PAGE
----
Besides Portman and Corbet, the presser for “Vox Lux” was attended by Stacy Martin and Raffay Cassidy. The movie is being represented in international markets by Sierra/Affinity, while Endeavor Content and CAA represent the US rights.

Natalie Portman recently opened up about her role in the upcoming Brady Corbet directorial titled Vox Lux. Marking Corbet’s second directorial venture, Vox Lux charts the journey of a singer who manages to attain fame worldwide. The film premiered at the Venice Film Festival and will also be screened at the upcoming Toronto Film Festival, reports Far Out.

Discussing her role as Celeste, in the film, Portman says the character is both a “victim” and a “leader” of her times. Vox Lux, notes Portman, deals with how the 20th century was distinct in its “banality of evil” while the 21st will be hailed as the “pageantry of evil”. “She’s not designed to be a monster at all,” added Portman. “She’s as much a victim of the era as a leader of the era.”

Vox Lux also stars Jude Law, Jennifer Ehle, Stacy Martin and Raffey Cassidy along with Portman.

Talking about the impact of the film on her, Portman claims it’s just like art; organic, and not something that can be coerced. She hopes that Vox Lux enables viewers to notice the goings-on around them and recognise how it affects their lives.

Celeste’s 15-year journey as a singer is depicted in Vox Lux. Having had an unfortunate childhood, Celeste achieves considerable success later on in life. Talking about the rampant gun violence and school shootings in the US, Portman added, “It (school shootings) is a type of civil war and terror in the US and what that means for every kid going to school every day and how small acts of violence can create widespread psychology torment.”

Source: Firstpost

Speaking at a press conference at the Venice Film Festival on Tuesday, Natalie Portman says her role in “Vox Lux” has caused her to consider “the psychological impact” of America’s recent mass shootings.

Source: ET Canada

Natalie Portman in Vox Lux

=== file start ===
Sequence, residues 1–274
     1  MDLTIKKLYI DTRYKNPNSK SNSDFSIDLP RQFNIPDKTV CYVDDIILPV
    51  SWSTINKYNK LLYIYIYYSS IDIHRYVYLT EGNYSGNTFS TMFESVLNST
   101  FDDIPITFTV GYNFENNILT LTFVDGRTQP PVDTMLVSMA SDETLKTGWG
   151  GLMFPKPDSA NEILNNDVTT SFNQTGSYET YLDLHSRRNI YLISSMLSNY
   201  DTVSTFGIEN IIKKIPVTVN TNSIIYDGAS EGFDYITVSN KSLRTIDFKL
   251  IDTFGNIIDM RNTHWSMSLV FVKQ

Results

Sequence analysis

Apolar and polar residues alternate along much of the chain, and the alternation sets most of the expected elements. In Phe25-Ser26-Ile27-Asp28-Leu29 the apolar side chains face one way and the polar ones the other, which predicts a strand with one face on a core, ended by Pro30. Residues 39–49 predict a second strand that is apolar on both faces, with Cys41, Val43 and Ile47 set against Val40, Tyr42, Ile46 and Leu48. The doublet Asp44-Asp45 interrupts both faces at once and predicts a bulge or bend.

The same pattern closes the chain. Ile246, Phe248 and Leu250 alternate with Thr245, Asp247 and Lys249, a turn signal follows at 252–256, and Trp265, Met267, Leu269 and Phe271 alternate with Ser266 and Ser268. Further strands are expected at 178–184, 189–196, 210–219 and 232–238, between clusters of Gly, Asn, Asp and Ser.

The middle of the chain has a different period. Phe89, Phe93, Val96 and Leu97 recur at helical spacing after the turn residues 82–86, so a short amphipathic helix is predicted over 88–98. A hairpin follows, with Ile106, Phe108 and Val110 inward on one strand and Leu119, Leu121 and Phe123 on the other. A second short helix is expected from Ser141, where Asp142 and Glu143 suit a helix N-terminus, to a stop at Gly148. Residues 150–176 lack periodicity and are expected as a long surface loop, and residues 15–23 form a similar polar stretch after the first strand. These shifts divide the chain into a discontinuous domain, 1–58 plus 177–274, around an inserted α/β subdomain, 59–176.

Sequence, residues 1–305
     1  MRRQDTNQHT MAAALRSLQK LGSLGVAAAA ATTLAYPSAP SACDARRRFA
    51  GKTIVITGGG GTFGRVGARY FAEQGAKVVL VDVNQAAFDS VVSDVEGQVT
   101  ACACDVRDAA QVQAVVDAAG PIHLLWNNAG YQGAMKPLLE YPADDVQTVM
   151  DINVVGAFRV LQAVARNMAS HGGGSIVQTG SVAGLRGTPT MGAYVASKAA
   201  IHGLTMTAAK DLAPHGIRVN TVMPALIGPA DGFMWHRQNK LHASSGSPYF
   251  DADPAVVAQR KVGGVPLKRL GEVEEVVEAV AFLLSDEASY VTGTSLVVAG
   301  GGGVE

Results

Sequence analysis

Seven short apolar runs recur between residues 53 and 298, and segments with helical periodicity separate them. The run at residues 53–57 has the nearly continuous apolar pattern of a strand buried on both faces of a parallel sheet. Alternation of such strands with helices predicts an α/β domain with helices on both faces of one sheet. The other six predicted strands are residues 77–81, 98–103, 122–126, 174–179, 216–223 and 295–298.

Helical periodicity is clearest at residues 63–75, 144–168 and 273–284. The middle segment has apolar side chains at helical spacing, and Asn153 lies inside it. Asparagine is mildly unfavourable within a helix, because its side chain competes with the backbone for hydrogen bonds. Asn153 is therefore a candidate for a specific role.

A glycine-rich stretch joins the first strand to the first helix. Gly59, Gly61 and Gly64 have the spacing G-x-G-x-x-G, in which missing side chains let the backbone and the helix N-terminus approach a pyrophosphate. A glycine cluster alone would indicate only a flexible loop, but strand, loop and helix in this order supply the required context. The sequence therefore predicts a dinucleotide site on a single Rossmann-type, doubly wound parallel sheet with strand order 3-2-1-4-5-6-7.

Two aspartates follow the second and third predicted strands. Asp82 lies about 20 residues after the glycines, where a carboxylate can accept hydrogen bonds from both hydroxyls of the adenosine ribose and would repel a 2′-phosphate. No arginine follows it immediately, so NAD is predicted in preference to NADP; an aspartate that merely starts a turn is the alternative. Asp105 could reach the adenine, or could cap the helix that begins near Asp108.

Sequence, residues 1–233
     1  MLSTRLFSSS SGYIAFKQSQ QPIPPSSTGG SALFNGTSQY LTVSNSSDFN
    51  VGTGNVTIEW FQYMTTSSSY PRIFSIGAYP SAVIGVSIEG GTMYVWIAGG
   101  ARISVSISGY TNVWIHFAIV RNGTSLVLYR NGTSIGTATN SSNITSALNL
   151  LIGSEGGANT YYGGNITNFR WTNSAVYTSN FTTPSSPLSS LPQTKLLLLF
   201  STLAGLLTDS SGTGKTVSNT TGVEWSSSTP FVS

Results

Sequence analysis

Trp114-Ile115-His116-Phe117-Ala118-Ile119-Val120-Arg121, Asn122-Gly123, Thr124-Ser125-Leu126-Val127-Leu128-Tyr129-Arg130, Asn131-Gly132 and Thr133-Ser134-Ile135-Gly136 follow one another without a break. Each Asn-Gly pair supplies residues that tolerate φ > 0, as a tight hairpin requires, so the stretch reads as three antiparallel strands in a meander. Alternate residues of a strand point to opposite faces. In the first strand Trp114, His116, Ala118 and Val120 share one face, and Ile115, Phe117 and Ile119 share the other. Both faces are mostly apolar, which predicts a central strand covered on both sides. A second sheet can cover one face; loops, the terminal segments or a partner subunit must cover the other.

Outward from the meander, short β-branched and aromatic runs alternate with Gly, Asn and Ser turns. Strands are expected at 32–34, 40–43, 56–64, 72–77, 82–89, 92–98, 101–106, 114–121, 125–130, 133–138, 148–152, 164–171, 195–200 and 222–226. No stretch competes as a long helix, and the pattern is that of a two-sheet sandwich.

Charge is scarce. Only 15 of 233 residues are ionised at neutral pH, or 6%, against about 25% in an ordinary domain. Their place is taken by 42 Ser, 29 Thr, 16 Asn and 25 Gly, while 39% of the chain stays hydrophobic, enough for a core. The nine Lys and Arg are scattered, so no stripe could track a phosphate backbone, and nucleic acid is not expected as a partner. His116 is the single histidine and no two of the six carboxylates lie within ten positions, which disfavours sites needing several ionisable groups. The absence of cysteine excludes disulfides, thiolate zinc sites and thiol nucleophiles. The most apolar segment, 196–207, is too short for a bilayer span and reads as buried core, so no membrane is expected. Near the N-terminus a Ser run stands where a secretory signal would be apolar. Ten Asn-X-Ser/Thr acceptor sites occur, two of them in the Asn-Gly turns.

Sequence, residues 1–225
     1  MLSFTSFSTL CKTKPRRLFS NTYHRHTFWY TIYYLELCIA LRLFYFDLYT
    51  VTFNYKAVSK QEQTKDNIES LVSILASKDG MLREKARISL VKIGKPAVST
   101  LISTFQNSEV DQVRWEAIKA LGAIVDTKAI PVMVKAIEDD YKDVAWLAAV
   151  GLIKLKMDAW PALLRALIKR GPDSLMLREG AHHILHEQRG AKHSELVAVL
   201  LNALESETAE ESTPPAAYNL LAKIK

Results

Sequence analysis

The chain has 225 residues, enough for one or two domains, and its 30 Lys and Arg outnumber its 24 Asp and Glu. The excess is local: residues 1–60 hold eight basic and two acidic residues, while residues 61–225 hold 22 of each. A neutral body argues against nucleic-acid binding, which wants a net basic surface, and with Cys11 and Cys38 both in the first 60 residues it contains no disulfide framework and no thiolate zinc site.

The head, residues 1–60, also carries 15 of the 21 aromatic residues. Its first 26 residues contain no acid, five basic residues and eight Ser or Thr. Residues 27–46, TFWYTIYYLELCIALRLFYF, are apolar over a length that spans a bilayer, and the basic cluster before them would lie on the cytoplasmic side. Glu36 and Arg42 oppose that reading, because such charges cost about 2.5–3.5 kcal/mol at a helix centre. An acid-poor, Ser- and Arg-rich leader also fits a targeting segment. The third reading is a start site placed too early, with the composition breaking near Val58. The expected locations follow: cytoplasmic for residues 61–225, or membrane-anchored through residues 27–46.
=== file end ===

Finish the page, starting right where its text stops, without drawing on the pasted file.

Andrew Lauren and producing partner DJ Gugenheim are behind two of this autumn’s most anticipated movies: Natalie Portman starrer Vox Lux, which debuts in Venice next week, and Claire Denis’ Toronto-bound sci-fi High Life, starring Robert Pattinson.

In writer-director Brady Corbet’s Vox Lux, Portman plays a successful pop star who is also trying to raise a teenage daughter. Jude Law and Jennifer Ehle are among co-stars while Killer Films and Bold are also producers. Denis’ English-language debut High Life focuses on a group of criminals taking part in space a mission to find alternative energy. Juliette Binoche, Mia Goth and Andre Benjamin are also among cast.

Lauren, son of designer Ralph Lauren, is part of a wave of wealthy young sons and daughters who have over the past decade set up U.S. production shops [Annapurna, K-Period Media etc]. He made his entree with Noah Baumbach’s 2005 pic The Squid And The Whale, and followed that in 2013 with James Ponsoldt’s The Spectacular Now, investing $3M of his own coin in the latter.

His New York-based production and finance company Andrew Lauren Productions has been relatively quiet in the past five years, but Gugenheim joined three years ago and the company is now busier than ever. We spoke to the duo about their two festival buzz titles, next projects and their investment strategy going forward.

How did you get involved in Vox Lux?

Andrew Lauren: I was introduced to Brady a while ago. I was very impressed by Childhood Of A Leader. The initial script we received was with Rooney Mara in the Natalie Portman role. We were trying to work out if it made sense for us. When Natalie came on board it pushed the button for us to say yes.

DJ Gugenheim: We made an offer on the movie contingent on the director meeting. We sat down with Brady for three hours in New York and I remember coming out and saying ‘that may be the best director meeting we’ll ever have’. Brady had an answer to every question.

Scott Walker did the score and Sia the original songs. Is it all Natalie’s voice for the songs in the movie?

DJ: It’s all Natalie singing and dancing. No CGI. She was great at both. You have a haunting juxtaposition of pop and contemporary classical sound in the music. Natalie was a natural. It was effortless as soon as she got on stage. Her dancing was the same. The finale is very ambitious and it took a lot of work.

How did you come to High Life?

AL: CAA reached out to us in the first place. We received a scripment of around 60 pages. It was an unusual format. It was Claire’s vision for the film. It was quite skeletal. The script really took shape as we were filming.

DJ: This is an ambitious movie. It’s a multi-territory European sci-fi co-production in the $10M range. Andrew had seen Beau Travail with his dad when he was younger. It seemed like a unique opportunity and very different. That’s what independent film should be about.